Still, the effects of the drug are shown. Secker begins the story in the full throes of the drug, and is apathetic to anything and everything around him, only becoming agitated when his high starts to dissipate. Rigg goes completely off the deep end once his spiked drink kicks in, appearing as drunk as a production assistant in the BBC canteen at about 9:30 on a Friday night. Even someone being drunk and/or stoned on a Doctor Who episode is pushing the mark a bit, and it's to Nightmare of Eden's credit that the production chose to be this daring.

Another good episode. I must admit - it feels good to have the memories of one's youth validated!

5K1 - Nightmare of Eden 1

There is something magical about the Doctor Who stories that you remember from your childhood, no matter how they're looked upon in retrospect. Nightmare of Eden is one of those stories that I remember from my youth as fondly as I remember Star Wars, although, heading into viewing this story, I was worried that my memory would collide with reality just as the Hecate collided with the Empress.

Nightmare of Eden is what Doctor Who was all about in my 10-year-old - space ships, captains, bridges, aliens. Eden was a cornucopia that fed my imagination so much that most of the LEGO space cruisers that I built as a kid were based on what I saw in Nightmare of Eden. And looking at it now, the story hasn't actually aged that badly.

Tom Baker shows a return to earlier form in Episode One, bringing a certain gravitas to the proceedings that hasn't been seen in some time. Whether or not it was Baker's legendary feud with director Alan Bromly that brought a more focused performance out of him, Baker is as good as he's ever been in this. I don't even mind the Mandrel's first appearance at the cliffhanger, although I am watching this immediately after The Creature From The Pit...

Monday, December 21, 2009

5G4 - The Creature From The Pit 4

If the cliffhanger to Episode Three wasn't odd enough (Lady Adrasta is threatened by the monster. Will the evil villainess escape? Or will The Doctor win yet again?), the main villain of the piece, Adrasta, is killed seven minutes into the episode, removing any sort of conflict for the duration of the story (as well as killing off just about the sexiest tyrant the series has ever seen).

Adrasta's death not only removes any conflict (Karela's meek alliance with the ineffectual throng of bandits was never going to go anywhere, especially with Torvin as the bandits' leader), but it also sucks any possible drama out of the last few minutes, leaving The Doctor to perform some pseudoscience solution to the suddenly new problem of a neutron star coming to destroy Chloris.

So, when you add it up - ludicrous characters, ridiculous monster, bizarre plot resolution - this should be one of the worst stories ever made. And yet, The Creature From The Pit seems to succeed despite the massive number of negative aspects working against it simply because, like much of Season 17, this story is a great deal of fun to watch. The Creature From The Pit is bad, but it is no means unwatchable. It probably comes across better when viewed in quick succession, though. I can't imagine Creature being one of only six (later five) stories offered during a particular season of Doctor Who, but it works perfectly fine as a nice romp in the midst of...well, slightly less rompy stories (and I do mean slightly. Stay tuned.).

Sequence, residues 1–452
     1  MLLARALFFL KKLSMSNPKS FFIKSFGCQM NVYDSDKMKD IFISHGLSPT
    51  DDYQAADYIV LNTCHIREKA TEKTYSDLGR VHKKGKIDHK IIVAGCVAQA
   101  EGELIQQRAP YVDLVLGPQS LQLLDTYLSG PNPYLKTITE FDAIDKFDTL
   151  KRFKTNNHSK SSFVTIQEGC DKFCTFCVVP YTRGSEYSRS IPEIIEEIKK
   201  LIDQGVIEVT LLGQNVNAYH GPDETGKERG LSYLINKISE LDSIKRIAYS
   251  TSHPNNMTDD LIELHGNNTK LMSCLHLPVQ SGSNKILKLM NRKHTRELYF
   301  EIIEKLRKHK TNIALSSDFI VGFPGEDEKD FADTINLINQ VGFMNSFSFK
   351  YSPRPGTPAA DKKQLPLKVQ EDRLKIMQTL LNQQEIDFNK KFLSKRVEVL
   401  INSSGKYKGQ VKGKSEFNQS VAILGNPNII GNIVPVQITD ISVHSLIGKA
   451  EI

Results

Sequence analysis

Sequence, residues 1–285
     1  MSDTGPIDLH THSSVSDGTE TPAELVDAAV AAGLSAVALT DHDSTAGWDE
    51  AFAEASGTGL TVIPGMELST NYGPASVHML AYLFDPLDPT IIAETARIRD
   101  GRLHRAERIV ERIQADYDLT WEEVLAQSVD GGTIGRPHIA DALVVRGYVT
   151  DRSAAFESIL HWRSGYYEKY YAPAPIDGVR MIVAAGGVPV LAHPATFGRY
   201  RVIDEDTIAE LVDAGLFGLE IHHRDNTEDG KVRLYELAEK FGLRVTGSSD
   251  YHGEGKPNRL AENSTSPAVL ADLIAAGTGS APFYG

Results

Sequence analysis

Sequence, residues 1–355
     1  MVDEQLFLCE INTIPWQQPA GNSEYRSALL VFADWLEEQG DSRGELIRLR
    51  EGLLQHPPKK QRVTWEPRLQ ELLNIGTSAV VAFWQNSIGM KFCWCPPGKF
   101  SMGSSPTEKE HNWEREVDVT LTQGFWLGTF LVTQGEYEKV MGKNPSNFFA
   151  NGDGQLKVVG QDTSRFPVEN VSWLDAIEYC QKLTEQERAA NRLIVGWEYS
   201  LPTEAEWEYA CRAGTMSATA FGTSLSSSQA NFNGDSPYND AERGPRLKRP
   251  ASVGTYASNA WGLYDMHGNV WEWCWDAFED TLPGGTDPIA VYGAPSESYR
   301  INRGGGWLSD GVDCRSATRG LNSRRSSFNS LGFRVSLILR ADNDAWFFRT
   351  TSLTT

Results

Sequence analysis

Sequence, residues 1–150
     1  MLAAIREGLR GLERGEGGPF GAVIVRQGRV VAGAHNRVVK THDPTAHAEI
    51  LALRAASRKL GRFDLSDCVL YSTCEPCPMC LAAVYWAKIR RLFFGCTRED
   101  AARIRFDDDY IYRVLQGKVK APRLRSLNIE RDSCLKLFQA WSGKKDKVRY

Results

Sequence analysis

5G3 - The Creature From The Pit 3

Picking up where the last episode left off in the ludicrous factor, The Doctor attempts to communicate with the giant beast with gobsmacking results. How on Earth was Tom Baker allowed to perform fellatio upon this thing and get away with it? Mary Whitehouse was mortified when it looked as if The Doctor had drowned in The Deadly Assassin (hint, Mary: it's called a "freeze frame"), but she didn't seem to bat an eye at this inter species oral sex.

But this isn't the most troubling aspect of The Creature From The Pit for me. No, it's the fact that The Doctor and Romana, becoming increasingly invincible, are, in effect, armed in this story. Romana is almost always carrying K-9, and K-9 almost always is shooting down guards with his nose laser. At first just a cute, know-it-all computer, now the robot dog has become the universe's bulkiest stun gun - yet another easy fix for The Doctor to go along with his glib tongue to get him out of sticky situations.

And another thing (and although it really does seem like I'm cutting this poor story to shreds, I hope to be more positive in the next write-up), another big beef I have is not with this story, essentially, but with John Nathan-Turner in four years' time after this story aired. I'll delve into more when the time comes, but Geoffrey Bayldon is such an almost perfect match, both physically and vocally, to the late William Hartnell that every time I watch this story (and, to an even greater extent, when I watch Bayldon in an episode of the 1987 series Star Cops), I can't help that, with all due respect to Richard Hurndall, Bayldon should have been the automatic choice to play the First Doctor in The Five Doctors in 1983. Good thing the producers of Doctor Who Unbound at Big Finish thought the same thing.

5G2 - The Creature From The Pit 2

After five minutes of this episode, you begin to notice that there's no videotape sequences at all during this time. It's all on film, including some superb looking shots of The Doctor in the pit - first hanging from the tiniest tendrils of his scarf, then later as he's exploring the cavern by the light of a single match. You can almost be led to believe that The Creature From The Pit is a fantastic looking story, perhaps even the best looking story to date.

Then a giant, green garbage bag comes around the corner in BBC Studio 7 waving what looks to be its semi-flaccid reproductive organ, intent on either devouring or defiling The Doctor, and all hope for this serial is lost. The notion of a giant blob creature really should have been rejected from the very outset, if only for reasons of budget. But the creature is merely a testament to one of the great failings of the Graham Williams era - the inverse ratio between the size of the budget and the size of the imagination.